Some more background. The high priest was supposed to preside over the Great Assembly after Ezra’s death. But Eliashib disagreed with Ezra, and, having other loyalties (Neh. 13:4-7), never met with the assembly. The special covenant required those who married gentile wives to put them away. Eliashib’s grandson, Manasseh, married to a Samaritan princess, refused to end his religious-political alliance between the top families of Samaria and Judea. Excommunicated from Judea, Manasseh moved to Samaria where his wife’s father made him high priest of the Samaritans. This began the Samaritan religion, and the antagonism that developed between Samaritans and Jews. Manasseh built a temple on Mt. Gerizim to counterfeit God’s Temple on Mt. Zion, and rejected the Hebrew Scriptures except for the Pentateuch—or the five books of the Law.
For Jews to distinguish Samaritan counterfeit writings, Ezra changed the Jewish script to what is called square script. Eventually all copies of the Temple Scriptures took this form.
Isaiah had long before written the Book of Kingdoms (or Samuel/Kings). Written from a priestly perspective, Ezra wrote Chronicles, emphasizing throughout that Jerusalem had always been the headquarters of God’s government. This was to show that the Samaritans were falsely claiming they were the center of God’s Way.
Ezra references at least 15 secular sources to validate his claim, while Samuel and Kings use few outside sources. Ezra and Nehemiah countered the Samaritans’ deceitful tactics, in part by canonizing the Hebrew Scriptures. In fact, it was actually the Samaritans’ descendants, under Simon Magus, who counterfeited the New Testament. There has always been a battle to overthrow the accuracy, force and effect of God’s Word. Secular sources today have not let up.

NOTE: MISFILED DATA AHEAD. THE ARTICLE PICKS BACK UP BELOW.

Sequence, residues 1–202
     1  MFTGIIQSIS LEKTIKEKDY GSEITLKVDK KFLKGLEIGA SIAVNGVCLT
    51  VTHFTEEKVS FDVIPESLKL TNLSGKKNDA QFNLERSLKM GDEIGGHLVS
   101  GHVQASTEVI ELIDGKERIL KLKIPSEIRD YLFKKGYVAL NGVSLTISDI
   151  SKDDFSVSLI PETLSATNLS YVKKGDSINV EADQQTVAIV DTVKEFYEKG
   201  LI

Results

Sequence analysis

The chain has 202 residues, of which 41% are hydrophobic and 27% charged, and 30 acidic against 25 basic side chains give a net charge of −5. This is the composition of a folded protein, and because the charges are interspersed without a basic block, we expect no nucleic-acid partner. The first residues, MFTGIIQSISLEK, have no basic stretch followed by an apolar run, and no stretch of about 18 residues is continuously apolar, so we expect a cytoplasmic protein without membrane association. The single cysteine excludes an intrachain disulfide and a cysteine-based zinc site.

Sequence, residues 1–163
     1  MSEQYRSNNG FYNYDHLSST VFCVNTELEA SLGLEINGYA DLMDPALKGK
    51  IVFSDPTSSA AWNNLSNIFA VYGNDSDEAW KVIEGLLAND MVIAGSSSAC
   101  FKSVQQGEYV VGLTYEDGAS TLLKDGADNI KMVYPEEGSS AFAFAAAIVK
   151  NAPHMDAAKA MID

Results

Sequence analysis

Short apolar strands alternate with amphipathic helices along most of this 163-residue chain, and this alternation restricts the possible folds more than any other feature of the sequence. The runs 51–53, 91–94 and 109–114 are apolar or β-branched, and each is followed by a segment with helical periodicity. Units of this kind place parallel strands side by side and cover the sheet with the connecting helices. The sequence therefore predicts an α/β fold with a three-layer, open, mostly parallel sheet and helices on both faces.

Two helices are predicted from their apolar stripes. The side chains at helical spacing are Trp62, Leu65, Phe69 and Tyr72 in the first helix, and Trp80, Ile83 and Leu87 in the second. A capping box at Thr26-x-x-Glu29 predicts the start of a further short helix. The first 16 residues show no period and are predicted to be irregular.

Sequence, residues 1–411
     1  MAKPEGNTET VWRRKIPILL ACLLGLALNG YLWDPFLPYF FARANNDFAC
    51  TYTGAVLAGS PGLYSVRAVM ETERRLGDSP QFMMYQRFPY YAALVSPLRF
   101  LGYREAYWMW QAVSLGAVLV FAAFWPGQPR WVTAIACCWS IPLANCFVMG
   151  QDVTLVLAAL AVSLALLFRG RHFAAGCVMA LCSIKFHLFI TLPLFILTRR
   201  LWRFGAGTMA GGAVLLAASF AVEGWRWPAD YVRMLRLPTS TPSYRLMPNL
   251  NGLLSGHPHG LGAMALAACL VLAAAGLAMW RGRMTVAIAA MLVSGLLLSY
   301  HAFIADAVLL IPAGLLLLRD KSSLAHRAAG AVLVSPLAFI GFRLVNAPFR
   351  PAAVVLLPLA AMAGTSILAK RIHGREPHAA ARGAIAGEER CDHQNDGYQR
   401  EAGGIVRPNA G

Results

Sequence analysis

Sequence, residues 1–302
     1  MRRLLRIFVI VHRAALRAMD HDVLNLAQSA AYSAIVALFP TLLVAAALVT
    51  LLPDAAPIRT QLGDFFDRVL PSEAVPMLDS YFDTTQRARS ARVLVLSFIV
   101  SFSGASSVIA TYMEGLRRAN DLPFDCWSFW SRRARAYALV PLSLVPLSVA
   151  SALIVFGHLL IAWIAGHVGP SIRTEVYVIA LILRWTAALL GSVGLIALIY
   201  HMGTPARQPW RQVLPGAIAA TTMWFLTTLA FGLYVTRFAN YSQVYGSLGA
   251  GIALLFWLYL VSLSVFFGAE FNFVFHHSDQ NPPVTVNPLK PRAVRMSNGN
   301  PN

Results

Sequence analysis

Let’s ask: How do we know today’s Old Testament is exactly what Ezra canonized? After the Temple destruction in AD 70, preservation became the responsibility of Jewish religious leaders instead of the state. Several Jewish sects made sure others did not change the text. Some were trying to introduce illegitimate copies. In the 6th century, to clarify discrepancies and “transmit to future generations the authentic Word of God” (Encyclopaedia Britannica), officials restored the old authoritative manuscripts handed down since pre-Roman days. These were made into the standard text—called the Masoretic Text. This is the same one used today, and the same Scriptures Ezra canonized.
Now comes the New Testament, written by Christ, the apostles, and other disciples. Certain apostles canonized it. Notice Isaiah’s prophecy: “Sanctify the Lord of hosts Himself; and let Him be your fear, and let Him be your dread. And He shall be for a sanctuary; but for a stone of stumbling and for a rock of offense to both the houses of Israel, for a gin and for a snare to the inhabitants of Jerusalem. And many among them shall stumble, and fall, and be broken, and be snared, and be taken. Bind up the testimony, seal the law among My disciples” (Isa. 8:13-16).